In a nutshell:
Chicago, 1920ies. Martin “Marty –the Gimp” Snyder (James Cagney) is a big shot in – not so clean – laundry business. He knows what he wants – and he wants ex-taxi-dancer Ruth Etting (Doris Day). Ruth knows what she wants, too: She wants a career as a singer – a real big number. In this case Marty is a great help: he gets her a job as a singer, starts her radio career, puts her into the Ziegfeld Follies and brings her Hollywood to star in the movies. And then there is Johnny (Cameron Mitchell), a pianist, who was interested in Ruth. Now he is a Hollywood conductor - and Ruth is going to work with him. What will Marty do about that?
- James Cagney asked for Doris Day to do the female lead in this film - they had worked together previously on WESTPOINT STORY (1950). LOVE ME OR LEAVE ME is the only film he - as a star - accepted second billing - he thought Ruth Etting was the central character in this film and Doris Day should be payed with a top billing for her work - and he sure was right about that.
- Ruth Etting wanted Jane Powell to be in the female lead - but the studio didn't to put cute Miss Powell into a Nightclub scenery..
- You may know Harry Bellaver (Georgie) as Det. Frank Acaro from TV-series NAKED CITY (1958-63) or from ANOTHER THIN MAN (1939) from THE THIN MAN SERIES where he played "Creeps" Binder - you may remember the baby party? Sometimes I get the feeling that you could relate almost any classic film to one of the THIN MAN SERIES.. ;")
- Jane Russell was asked to do the Ruth Etting character - but she refused.
- Veda Ann Borg has an uncredited appearance as dance hall hostess.
- Doris Day wrote later that she first did not want to take this role, because of it's vulgarity. After the film-release she received many fan letters which were not so polite about her playing such a dislikeable person. She answered every letter herself and declared that there was an difference between herself and her roles. In my opinion it is commandable that she did that.
- The German titles for this film are NACHTCLUB-AFFÄREN (lit.: "Nightclub affairs") and TYRANNISCHE LIEBE (lit. "Tyrannic Love").
- MGM's favoured Ava Gardner to play Doris Day's part - but she refused, accordingly because she did not want to be dubbed again.
- Ruth Etting later stated that she never worked as a taxi-dancer.
- James Cagney said that this film would be - out of all his films - in his top five.
- According to Doris Day most of the more violent scenes between James Cangey and her were cut out.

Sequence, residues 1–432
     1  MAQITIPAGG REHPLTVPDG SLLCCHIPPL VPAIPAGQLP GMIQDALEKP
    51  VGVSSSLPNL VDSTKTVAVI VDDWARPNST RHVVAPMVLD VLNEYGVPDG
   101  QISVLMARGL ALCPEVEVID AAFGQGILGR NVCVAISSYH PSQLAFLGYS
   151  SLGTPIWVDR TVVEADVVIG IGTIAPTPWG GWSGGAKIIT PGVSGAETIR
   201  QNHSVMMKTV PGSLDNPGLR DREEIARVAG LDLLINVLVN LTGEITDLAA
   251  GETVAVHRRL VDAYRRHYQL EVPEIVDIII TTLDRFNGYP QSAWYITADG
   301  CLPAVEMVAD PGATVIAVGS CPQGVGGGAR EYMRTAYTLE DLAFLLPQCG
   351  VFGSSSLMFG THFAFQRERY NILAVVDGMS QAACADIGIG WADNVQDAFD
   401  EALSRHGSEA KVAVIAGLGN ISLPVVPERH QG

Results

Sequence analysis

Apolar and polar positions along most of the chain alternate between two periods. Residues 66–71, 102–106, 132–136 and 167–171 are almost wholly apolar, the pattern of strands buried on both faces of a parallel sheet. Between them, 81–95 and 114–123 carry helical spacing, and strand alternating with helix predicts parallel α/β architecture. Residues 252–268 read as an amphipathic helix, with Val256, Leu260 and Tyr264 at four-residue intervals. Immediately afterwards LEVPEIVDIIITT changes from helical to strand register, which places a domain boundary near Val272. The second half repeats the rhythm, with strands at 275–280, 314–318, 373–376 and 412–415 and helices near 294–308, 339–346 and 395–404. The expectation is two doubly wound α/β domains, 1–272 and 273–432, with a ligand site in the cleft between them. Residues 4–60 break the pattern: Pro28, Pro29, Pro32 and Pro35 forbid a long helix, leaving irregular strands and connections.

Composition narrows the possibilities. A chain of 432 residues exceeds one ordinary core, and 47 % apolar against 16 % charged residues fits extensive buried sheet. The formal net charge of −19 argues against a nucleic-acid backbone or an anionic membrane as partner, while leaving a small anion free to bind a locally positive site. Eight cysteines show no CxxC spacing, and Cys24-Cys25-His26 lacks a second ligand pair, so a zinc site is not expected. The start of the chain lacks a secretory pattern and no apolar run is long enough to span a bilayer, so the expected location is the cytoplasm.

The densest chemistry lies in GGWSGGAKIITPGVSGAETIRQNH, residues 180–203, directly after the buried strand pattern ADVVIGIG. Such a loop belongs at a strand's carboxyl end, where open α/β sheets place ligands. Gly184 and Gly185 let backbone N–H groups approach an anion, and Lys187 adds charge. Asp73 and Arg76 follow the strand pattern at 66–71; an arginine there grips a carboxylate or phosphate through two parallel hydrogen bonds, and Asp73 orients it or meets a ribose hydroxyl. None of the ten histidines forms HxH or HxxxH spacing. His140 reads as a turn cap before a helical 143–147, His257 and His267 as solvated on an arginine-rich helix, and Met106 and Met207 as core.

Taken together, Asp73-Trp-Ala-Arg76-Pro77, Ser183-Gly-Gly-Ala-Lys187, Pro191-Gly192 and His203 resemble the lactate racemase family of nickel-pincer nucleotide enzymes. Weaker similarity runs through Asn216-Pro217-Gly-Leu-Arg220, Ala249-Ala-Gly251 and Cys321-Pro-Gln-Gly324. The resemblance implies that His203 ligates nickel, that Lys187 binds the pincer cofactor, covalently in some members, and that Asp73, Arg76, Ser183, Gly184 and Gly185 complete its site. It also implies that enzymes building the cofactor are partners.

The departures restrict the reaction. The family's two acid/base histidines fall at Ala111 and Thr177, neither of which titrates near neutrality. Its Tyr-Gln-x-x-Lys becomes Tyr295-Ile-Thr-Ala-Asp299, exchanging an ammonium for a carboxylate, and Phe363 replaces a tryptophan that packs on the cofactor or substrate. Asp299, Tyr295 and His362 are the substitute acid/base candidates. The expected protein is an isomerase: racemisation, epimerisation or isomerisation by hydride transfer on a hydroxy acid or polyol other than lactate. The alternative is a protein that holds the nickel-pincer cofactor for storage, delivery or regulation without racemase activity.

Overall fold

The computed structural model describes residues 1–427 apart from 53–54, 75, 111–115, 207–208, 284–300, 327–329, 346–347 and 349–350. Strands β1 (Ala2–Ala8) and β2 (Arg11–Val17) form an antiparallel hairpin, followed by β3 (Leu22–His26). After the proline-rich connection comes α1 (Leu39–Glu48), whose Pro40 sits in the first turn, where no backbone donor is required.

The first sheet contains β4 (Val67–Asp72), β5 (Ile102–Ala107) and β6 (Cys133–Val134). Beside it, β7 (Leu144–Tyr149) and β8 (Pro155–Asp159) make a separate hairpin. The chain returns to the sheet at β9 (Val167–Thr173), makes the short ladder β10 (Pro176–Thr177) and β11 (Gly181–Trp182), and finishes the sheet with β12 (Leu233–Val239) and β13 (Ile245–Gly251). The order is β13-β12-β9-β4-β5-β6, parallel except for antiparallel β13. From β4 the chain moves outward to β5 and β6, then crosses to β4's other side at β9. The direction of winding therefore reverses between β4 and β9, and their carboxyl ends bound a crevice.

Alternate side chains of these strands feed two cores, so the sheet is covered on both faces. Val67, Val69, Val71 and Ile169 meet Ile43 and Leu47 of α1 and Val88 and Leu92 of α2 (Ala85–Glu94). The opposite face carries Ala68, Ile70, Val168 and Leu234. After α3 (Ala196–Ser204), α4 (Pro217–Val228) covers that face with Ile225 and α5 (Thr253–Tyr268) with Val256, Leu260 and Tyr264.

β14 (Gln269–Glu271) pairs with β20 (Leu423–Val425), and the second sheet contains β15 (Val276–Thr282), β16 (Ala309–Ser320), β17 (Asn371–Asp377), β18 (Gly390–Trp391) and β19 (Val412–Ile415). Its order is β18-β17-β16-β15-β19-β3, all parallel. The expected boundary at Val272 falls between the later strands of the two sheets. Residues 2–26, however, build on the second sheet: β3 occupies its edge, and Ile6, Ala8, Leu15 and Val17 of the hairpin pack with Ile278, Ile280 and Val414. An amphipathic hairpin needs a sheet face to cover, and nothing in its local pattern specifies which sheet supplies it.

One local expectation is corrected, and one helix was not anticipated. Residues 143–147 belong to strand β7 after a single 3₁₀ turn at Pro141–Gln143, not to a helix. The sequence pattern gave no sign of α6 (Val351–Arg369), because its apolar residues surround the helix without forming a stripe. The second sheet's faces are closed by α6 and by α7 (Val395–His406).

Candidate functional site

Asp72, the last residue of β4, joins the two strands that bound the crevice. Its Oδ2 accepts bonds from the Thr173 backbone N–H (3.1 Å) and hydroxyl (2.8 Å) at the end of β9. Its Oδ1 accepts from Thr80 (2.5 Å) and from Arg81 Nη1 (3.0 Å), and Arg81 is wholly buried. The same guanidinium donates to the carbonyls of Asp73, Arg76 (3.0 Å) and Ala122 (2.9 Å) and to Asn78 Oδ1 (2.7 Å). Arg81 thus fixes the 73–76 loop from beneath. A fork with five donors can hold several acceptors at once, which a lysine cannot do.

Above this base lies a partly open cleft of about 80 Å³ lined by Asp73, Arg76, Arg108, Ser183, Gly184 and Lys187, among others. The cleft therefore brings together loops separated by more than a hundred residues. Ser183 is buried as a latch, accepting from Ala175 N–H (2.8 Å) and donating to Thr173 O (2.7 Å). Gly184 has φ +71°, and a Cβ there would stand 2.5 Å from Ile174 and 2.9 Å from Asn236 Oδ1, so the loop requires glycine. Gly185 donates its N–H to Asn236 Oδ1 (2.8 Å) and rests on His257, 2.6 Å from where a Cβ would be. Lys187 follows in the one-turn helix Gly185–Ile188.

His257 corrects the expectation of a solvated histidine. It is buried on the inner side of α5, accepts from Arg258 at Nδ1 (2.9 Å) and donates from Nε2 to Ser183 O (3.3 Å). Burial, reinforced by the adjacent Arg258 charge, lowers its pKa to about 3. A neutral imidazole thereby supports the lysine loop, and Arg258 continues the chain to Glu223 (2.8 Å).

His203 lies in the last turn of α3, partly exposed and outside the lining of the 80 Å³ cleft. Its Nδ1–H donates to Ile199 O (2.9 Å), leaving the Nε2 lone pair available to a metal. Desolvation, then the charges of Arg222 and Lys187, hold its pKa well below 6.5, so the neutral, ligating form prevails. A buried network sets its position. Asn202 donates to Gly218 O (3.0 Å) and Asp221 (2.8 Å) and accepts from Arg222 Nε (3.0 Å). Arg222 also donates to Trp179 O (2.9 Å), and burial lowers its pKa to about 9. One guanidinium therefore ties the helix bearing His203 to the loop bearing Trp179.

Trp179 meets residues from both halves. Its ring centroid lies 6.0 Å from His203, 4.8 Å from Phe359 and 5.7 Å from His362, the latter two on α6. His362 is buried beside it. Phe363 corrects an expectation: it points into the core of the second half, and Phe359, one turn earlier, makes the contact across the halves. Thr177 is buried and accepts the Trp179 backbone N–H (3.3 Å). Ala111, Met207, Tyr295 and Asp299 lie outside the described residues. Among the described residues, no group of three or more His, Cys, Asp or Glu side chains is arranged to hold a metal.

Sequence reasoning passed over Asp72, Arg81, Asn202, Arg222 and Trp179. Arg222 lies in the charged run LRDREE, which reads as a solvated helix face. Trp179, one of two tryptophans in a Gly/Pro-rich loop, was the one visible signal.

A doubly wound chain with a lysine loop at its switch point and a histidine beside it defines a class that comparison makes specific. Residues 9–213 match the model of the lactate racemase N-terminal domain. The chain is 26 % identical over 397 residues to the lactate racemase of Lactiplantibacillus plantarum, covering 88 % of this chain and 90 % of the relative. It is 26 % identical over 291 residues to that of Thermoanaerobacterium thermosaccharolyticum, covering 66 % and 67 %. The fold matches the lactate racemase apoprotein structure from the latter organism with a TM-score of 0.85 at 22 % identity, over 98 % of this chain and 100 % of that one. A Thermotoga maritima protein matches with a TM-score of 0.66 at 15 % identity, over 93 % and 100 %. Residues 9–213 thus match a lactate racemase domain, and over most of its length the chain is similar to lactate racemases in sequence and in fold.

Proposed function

Scene to see:
Every scene between Doris Day and James Cagney is most exquisite but to choose one: The fighting scene after the Ziegfeld show which ends in a (faded out) rape. Doris Day and James Cagney did brilliant fight scenes!!
See the beauty in it:
The blue dress Doris Day changes in after her first Ziegfeld number – the colour is amazing!
- The clothes and cars aren’t always true to the era.
- The Ziegfeld Follies NEVER billed any performers name over the show title.
Sing a song:
My favourite song is “10 cents a dance” – but there are several very good songs in this movie, like: “Shakin’ the blues away”, "Stay on the right sight, sister" and many more.
Here you have the real Ruth Etting singing for you:
“I’m what make you tick. Don’t you ever forget that!”
This film contains two of my all-time favourite actors: Doris Day (who I also appreciate as a truly gifted singer) and James Cagney. In my opinion Doris Day is a marvelous actress who is at her best when she gets the chance to act in a more dramatic role. James Cagney is indeed doing a thing that he was always good in: the gangster. I am feeling somewhat sorry for Marty who has the saddest part in this film’s trio. Though as a teenager I was fallen for Uncle Buck of HIGH CHAPARELL and I do like Cameron Mitchell – I think it wouldn’t have hurt the film when he was changed against any other young handsome actor. I don’t have a candidate for that on hand but I have not the feeling that he is putting something extremely special into this role – but to be fair: that would have been an enormous task to any actor opposite these two stars. ;”)
“You can put it down that I got the greatest respect for Miss Etting as an artist.”
The End? Wait and watch.
Yours (well and) truly